For the next generation of memory to be able to keep up with the inevitable demand of new devices like the iPad, a new marriage between nanotechnology and memory devices will be vital.
These super hand-held computing devices will require an inordinate amount of memory, which will need to be compact, energy efficient and fast. And so across industry and academia, the race is on to develop the next generation of device memory technology.
One area that has attracted a good amount of interest is nanomemory technology. Nanomemory devices use nanoparticles and nanowires to create dense memory that is comparable or better than current memory technology in terms of functionality, while also using less energy and being faster and more flexible.
Researchers at the Masdar Institute are looking at both nanowires and nanoparticles. The nanowire memory research is based on thin – about 10 nanometres, or one-hundred-thousandth of a millimetre – layers of silicon (Si). The Si nanowire memory can operate at very low voltages, while retaining its charge for a very long time.
With the proper engineering, charge carriers (electrons) can be stored in the nanowire as a “1” state and then be removed as a “0” state.
They can also be stacked closely together to create very dense memory.
This area of nanomemory research is especially attractive because it is compatible with the silicon-based chips used in today’s smart devices.
In addition, Masdar Institute, in collaboration with Turkey’s Bilkent University and UNAM nanotechnology facility, is currently researching a nanoparticle-based charge trapping memory device.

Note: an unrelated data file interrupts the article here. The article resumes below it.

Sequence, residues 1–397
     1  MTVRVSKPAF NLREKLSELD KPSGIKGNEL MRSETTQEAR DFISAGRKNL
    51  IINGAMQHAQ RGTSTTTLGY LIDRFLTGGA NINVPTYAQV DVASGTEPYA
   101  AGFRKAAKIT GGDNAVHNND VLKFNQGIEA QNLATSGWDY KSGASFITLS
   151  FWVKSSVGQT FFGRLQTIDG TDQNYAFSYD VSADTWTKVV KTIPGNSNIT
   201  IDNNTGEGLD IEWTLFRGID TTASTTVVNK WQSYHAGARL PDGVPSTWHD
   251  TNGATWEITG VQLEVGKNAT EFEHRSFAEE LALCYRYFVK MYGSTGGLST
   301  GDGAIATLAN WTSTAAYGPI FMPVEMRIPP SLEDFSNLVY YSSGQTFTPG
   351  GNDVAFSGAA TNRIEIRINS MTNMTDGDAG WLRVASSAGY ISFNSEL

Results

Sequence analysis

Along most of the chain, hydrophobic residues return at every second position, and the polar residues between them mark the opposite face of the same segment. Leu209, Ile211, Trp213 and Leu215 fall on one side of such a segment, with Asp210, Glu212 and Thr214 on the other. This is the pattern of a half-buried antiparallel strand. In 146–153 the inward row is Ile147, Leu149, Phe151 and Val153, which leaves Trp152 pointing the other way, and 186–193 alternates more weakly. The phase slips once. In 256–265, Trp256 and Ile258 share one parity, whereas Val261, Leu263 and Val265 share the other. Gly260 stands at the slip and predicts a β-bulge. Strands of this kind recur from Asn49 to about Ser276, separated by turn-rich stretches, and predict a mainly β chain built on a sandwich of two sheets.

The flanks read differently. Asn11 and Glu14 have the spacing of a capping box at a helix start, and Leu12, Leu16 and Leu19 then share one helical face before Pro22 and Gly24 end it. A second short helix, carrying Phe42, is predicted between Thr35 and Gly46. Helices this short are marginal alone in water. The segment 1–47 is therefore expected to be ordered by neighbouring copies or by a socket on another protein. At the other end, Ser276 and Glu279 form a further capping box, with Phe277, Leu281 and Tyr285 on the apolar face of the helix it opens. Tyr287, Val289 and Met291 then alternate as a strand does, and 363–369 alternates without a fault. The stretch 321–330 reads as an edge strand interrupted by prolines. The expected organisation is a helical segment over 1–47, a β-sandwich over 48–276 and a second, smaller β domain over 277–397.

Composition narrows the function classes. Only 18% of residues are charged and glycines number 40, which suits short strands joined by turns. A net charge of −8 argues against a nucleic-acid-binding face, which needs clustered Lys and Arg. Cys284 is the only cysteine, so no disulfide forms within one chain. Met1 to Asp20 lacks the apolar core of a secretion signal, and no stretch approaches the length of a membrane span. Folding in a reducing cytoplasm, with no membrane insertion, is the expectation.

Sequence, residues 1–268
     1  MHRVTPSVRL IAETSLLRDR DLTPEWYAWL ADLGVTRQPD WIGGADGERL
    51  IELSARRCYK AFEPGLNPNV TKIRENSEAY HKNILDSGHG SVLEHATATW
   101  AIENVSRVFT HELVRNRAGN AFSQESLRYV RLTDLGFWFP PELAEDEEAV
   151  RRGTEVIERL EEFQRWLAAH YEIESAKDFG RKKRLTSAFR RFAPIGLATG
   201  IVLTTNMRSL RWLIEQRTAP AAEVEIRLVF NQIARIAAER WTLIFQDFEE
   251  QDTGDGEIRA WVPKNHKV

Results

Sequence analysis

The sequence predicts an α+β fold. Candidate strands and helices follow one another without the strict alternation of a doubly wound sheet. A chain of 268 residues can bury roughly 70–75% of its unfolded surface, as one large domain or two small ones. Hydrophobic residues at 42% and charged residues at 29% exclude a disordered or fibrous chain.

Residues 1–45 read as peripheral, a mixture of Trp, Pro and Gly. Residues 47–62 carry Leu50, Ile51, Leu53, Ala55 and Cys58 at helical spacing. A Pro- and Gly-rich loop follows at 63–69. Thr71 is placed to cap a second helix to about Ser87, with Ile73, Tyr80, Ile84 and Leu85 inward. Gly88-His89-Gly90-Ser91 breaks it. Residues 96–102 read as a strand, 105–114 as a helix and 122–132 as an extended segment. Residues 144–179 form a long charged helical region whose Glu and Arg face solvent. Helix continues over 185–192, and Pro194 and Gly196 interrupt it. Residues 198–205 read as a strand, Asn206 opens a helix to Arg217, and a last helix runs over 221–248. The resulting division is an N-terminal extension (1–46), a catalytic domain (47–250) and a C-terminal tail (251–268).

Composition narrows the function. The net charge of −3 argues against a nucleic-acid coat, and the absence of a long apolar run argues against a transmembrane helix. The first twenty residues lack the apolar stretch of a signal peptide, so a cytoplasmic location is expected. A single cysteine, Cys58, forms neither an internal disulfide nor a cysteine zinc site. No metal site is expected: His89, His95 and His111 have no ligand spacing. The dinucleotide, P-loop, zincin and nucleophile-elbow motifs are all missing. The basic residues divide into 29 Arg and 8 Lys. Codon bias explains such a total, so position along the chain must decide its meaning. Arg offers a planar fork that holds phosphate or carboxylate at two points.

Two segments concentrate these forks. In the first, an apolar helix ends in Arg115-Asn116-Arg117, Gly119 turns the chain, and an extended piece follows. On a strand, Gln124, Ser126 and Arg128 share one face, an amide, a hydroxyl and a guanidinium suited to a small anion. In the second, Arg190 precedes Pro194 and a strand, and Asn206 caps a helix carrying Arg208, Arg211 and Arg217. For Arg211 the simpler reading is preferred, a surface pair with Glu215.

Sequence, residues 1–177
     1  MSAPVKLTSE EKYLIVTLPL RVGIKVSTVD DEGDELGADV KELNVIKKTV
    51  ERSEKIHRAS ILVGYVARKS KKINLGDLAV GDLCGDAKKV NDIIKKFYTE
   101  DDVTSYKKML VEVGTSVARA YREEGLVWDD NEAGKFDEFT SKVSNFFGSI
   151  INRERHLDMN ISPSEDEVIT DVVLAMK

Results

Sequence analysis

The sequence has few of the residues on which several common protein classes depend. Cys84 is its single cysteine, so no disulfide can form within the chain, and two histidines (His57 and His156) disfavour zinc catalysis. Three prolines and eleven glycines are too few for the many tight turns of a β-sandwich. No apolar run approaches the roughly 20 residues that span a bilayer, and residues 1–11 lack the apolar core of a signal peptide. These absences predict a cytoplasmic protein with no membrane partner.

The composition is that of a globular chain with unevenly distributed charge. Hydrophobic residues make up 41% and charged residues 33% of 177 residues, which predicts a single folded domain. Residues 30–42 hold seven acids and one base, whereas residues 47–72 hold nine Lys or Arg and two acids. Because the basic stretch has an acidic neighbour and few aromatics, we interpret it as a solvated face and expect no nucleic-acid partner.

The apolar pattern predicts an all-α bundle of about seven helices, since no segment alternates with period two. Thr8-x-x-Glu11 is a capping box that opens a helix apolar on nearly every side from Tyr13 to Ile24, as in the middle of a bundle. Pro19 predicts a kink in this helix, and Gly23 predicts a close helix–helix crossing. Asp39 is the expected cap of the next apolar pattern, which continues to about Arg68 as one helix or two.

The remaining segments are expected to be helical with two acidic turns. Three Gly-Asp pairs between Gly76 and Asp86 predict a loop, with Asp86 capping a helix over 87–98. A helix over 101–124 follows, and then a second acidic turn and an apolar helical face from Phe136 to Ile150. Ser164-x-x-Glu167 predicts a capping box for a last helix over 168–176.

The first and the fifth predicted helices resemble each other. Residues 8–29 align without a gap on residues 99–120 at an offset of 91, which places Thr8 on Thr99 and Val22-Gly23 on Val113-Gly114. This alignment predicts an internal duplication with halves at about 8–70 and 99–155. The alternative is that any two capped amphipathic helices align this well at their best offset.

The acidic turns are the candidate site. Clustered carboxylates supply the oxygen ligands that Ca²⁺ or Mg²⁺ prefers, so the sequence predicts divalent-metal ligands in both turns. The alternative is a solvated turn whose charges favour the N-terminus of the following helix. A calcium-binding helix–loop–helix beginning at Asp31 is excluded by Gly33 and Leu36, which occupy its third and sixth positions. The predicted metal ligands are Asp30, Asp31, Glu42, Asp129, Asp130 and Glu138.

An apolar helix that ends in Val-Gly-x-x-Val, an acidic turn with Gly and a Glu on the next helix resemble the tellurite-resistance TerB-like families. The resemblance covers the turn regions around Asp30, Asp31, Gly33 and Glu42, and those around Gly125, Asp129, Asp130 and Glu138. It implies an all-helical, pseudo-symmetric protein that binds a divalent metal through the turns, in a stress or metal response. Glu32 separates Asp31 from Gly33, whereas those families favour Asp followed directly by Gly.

Nanoparticles around 5nm across and consisting of silicon, germanium, gold, hafnium and platinum are made and embedded into the memory layer.
These particles reduce the operating voltage of the memory and allow it to store more in a chip the same size.
The nanoparticles act as tiny storage bins in which electrons can be trapped (“1 state”) and then removed (“0 state).
Our team, along with our collaborators in Turkey, recently submitted a paper demonstrating the use of the nano-particles in a zinc oxide flexible memory device that can be used in low power electronics, based on what may be the first demonstration of its kind.
In order to better demonstrate the abilities, challenges and potential solutions to using these nano-structures in memory devices, we have also developed very advanced physics-based simulation software that can simulate the theories and concepts our research is developing.
This can help make our research more commercially useful by ensuring that all potential limitations are measured and accounted for.
With this project and others at Masdar Institute, we hope to be part of what is the early wave of global nanotechnology memory innovations.
This area of research will help Abu Dhabi develop intellectual property and human capital in a market that is known to be worth billions of dollars internationally – device memory – as well as the semiconductor industry in general.
Projects like these that result in unique devices and methods could also one day spin off into start-up companies like those that have made Silicon Valley what it is for the US economy.
Abu Dhabi currently has a good chance to position itself as a leader in memory in terms of research and development and projects like ours can help contribute to this potential local high-value industry.
Dr. Ammar Nayfeh is an assistant professor of microsystems at the Masdar Institute of Science and Technology.